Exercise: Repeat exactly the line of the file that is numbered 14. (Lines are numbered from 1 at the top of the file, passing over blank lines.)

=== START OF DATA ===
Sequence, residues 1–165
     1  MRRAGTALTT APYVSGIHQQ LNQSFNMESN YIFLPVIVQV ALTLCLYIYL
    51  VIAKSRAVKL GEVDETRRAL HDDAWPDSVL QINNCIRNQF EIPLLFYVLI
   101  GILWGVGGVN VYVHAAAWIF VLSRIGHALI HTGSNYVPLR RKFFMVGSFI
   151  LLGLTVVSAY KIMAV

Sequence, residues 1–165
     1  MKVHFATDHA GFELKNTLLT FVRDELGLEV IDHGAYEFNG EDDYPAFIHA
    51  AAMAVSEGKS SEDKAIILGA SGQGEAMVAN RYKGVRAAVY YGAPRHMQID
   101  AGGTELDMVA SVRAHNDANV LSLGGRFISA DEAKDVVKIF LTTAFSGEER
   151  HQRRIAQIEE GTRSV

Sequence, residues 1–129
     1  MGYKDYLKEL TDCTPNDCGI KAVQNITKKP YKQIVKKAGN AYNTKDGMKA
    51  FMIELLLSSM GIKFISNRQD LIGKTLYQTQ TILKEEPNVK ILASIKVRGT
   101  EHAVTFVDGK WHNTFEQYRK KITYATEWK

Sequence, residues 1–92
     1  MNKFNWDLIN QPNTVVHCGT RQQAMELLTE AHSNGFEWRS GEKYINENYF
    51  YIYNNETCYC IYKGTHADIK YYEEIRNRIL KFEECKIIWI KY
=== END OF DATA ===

   101  EHAVTFVDGK WHNTFEQYRK KITYATEWK